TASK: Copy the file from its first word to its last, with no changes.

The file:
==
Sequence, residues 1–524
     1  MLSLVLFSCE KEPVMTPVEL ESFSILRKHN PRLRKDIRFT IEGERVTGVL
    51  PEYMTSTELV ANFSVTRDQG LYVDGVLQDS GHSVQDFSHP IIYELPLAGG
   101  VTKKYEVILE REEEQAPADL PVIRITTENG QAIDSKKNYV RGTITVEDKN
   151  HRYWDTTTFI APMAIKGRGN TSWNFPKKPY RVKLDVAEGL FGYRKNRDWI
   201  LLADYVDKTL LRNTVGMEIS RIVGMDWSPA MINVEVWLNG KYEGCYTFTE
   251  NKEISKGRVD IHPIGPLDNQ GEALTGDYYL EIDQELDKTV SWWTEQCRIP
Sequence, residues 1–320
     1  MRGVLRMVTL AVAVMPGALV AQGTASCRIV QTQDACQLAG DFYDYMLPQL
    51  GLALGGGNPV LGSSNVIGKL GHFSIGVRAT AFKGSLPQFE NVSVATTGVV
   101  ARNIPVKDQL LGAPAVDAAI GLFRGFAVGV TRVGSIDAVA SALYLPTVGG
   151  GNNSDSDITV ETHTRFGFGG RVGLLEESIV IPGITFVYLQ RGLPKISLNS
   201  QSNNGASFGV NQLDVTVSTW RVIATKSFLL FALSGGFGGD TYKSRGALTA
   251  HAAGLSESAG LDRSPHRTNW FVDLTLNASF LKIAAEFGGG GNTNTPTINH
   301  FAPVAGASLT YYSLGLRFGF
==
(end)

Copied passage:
Sequence, residues 1–524
     1  MLSLVLFSCE KEPVMTPVEL ESFSILRKHN PRLRKDIRFT IEGERVTGVL
    51  PEYMTSTELV ANFSVTRDQG LYVDGVLQDS GHSVQDFSHP IIYELPLAGG
   101  VTKKYEVILE REEEQAPADL PVIRITTENG QAIDSKKNYV RGTITVEDKN
   151  HRYWDTTTFI APMAIKGRGN TSWNFPKKPY RVKLDVAEGL FGYRKNRDWI
   201  LLADYVDKTL LRNTVGMEIS RIVGMDWSPA MINVEVWLNG KYEGCYTFTE
   251  NKEISKGRVD IHPIGPLDNQ GEALTGDYYL EIDQELDKTV SWWTEQCRIP
Sequence, residues 1–320
     1  MRGVLRMVTL AVAVMPGALV AQGTASCRIV QTQDACQLAG DFYDYMLPQL
    51  GLALGGGNPV LGSSNVIGKL GHFSIGVRAT AFKGSLPQFE NVSVATTGVV
   101  ARNIPVKDQL LGAPAVDAAI GLFRGFAVGV TRVGSIDAVA SALYLPTVGG
   151  GNNSDSDITV ETHTRFGFGG RVGLLEESIV IPGITFVYLQ RGLPKISLNS
   201  QSNNGASFGV NQLDVTVSTW RVIATKSFLL FALSGGFGGD TYKSRGALTA
   251  HAAGLSESAG LDRSPHRTNW FVDLTLNASF LKIAAEFGGG GNTNTPTINH
   301  FAPVAGASLT YYSLGLRFGF